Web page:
And it’s not just the government—if we take a look at what media outlets report and what voices we’re seeing across social media, we see even more clearly who controls the narrative. The Israeli government is paying for social media ads and prominent news outlets are (potentially more than ever) biased tools of the state.
The silencing of a Palestinian author at this time only further allows for misinformation to cultivate. And, as of writing this, over 1,000 authors, publishers, and agents agree; in an open letter, these individuals write:
“The Frankfurt Book Fair has a responsibility, as a major international book fair, to be creating spaces for Palestinian writers to share their thoughts, feelings, [and] reflections on literature through these terrible, cruel times, not shutting them down. We need to look for new language and new ideas in order to approach these bleak times in a new way. For this, we need writers—including Palestinian writers—more than ever.”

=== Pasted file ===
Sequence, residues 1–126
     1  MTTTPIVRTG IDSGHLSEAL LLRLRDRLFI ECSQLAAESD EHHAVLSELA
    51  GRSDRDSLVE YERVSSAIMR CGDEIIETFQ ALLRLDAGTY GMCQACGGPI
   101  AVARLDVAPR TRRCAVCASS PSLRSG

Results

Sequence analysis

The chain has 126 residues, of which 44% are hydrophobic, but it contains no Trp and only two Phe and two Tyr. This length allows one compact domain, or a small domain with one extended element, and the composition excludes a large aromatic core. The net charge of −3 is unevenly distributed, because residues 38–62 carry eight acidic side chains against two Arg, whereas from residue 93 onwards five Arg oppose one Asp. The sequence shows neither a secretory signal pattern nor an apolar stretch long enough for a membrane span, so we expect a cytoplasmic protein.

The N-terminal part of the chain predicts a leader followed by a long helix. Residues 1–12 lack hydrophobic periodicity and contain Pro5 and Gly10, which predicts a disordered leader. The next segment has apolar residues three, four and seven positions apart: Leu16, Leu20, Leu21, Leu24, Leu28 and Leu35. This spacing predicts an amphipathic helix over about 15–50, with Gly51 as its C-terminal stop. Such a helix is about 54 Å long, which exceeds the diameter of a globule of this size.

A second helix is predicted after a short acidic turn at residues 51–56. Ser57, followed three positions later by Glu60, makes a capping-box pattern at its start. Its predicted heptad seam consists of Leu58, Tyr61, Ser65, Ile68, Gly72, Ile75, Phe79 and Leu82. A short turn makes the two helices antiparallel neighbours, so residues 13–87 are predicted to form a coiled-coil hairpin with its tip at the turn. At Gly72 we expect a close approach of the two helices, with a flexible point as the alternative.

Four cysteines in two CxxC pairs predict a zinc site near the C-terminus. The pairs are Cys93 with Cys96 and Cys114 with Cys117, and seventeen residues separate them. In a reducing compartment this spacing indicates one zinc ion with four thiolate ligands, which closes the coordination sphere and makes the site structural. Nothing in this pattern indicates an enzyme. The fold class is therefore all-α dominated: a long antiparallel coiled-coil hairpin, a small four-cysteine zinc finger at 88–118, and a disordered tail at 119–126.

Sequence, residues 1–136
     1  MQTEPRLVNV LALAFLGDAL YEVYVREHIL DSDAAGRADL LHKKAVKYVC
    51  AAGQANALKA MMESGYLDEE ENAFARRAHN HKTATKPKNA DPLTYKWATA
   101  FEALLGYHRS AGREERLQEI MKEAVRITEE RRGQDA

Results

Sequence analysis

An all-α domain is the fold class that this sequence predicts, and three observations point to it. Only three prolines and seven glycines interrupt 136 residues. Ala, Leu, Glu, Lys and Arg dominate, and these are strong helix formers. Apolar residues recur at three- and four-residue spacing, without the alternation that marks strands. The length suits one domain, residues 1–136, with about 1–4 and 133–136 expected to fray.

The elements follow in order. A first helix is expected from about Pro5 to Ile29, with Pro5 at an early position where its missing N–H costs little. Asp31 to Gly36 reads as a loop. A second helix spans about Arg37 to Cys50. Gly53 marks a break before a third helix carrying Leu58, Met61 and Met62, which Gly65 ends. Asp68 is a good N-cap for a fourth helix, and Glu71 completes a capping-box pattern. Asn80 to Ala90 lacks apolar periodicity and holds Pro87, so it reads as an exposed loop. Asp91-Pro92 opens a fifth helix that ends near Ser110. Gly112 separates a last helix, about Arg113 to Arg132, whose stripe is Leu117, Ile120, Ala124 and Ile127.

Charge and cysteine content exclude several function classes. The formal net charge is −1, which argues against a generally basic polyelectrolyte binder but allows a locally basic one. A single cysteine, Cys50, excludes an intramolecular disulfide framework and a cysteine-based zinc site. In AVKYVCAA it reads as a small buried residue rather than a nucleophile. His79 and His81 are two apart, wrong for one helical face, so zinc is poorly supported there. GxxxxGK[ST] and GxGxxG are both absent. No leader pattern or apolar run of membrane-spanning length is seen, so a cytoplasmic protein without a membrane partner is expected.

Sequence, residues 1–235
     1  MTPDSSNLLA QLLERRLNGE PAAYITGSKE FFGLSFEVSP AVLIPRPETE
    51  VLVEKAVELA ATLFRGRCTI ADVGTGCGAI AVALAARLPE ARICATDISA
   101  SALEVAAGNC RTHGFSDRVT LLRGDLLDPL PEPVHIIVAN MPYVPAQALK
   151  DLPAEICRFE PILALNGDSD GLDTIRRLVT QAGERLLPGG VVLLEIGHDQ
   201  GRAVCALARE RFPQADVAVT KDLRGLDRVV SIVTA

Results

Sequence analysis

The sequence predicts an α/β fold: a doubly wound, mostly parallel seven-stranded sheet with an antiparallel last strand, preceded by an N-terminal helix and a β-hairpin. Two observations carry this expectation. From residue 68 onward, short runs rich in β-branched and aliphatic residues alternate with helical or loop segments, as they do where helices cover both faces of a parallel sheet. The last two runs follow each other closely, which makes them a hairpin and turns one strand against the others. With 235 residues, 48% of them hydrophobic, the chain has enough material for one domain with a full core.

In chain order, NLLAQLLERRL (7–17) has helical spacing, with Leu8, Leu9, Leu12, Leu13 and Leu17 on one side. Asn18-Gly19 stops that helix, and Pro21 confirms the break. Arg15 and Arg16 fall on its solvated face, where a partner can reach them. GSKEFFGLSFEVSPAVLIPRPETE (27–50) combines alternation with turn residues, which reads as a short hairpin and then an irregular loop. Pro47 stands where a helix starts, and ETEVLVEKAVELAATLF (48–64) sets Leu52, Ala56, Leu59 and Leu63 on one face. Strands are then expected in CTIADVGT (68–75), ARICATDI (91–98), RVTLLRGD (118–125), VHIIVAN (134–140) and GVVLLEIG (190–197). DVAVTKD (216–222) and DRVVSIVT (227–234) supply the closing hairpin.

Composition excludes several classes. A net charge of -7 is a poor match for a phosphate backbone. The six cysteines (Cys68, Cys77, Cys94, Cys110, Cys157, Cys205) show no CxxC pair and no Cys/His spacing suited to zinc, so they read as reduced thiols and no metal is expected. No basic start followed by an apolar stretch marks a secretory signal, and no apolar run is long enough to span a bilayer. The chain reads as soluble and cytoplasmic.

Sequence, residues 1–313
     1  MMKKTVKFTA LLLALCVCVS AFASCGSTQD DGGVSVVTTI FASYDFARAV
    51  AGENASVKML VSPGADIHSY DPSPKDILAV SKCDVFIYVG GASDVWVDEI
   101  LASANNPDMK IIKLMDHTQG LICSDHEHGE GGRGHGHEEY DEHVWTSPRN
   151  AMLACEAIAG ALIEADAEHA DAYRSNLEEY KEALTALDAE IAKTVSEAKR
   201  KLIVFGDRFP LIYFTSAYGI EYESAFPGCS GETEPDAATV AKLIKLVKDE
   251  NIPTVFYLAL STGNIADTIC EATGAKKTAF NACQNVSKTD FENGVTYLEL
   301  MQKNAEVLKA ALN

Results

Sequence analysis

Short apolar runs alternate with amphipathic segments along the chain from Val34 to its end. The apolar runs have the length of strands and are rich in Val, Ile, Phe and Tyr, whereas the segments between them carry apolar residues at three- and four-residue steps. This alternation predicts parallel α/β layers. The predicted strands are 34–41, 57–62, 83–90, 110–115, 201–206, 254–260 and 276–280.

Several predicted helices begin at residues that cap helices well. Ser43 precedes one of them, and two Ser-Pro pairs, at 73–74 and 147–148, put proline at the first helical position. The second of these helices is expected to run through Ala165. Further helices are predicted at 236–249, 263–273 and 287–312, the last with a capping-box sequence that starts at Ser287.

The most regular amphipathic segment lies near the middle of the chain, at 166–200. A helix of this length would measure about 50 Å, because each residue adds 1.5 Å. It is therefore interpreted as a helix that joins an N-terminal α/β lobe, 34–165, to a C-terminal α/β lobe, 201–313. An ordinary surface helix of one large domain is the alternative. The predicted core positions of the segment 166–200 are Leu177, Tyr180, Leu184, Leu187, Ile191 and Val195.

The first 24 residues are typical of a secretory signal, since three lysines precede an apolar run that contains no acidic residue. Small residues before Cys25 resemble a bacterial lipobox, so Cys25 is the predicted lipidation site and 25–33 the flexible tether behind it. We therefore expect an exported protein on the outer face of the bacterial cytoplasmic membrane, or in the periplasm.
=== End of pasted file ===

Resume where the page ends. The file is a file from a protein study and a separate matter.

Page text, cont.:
Ways to Respond
So, how can we readers take action?
Educate ourselves. As readers, we can engage with what writers put out into the world and use it to advocate for change.
Check out @booksnextdoor_’s various helpful reading and watching lists.
Find additional resources, including people to follow, in this roundup from 2021.
@LetsTalkPalestine is a fantastic place to start.
Visit DecolonizePalestine.com for more reading lists, myth busting, and other essential information.
Take time to understand how the language we use holds power.
Note: Educating ourselves is incredibly important, especially so we can better assess and respond to misinformation, vote, and join the call for change. However, please also be aware that urgent action is essential when events are moving as quickly as they are.
Practice BDS (Boycott, Divestment, Sanctions). A Palestinian-led movement, BDS aims to end international support for the Israeli government and military’s oppression of Palestinians by boycotting, divesting from, and placing sanctions on companies operating from illegal Israeli settlements on Palestinian land.
Contact your political reps to vote for a ceasefire. The US Campaign for Palestinian Rights has created an incredibly helpful toolkit, full of call and email scripts, as well as more ways to get involved. Don’t be afraid to contact them again and again.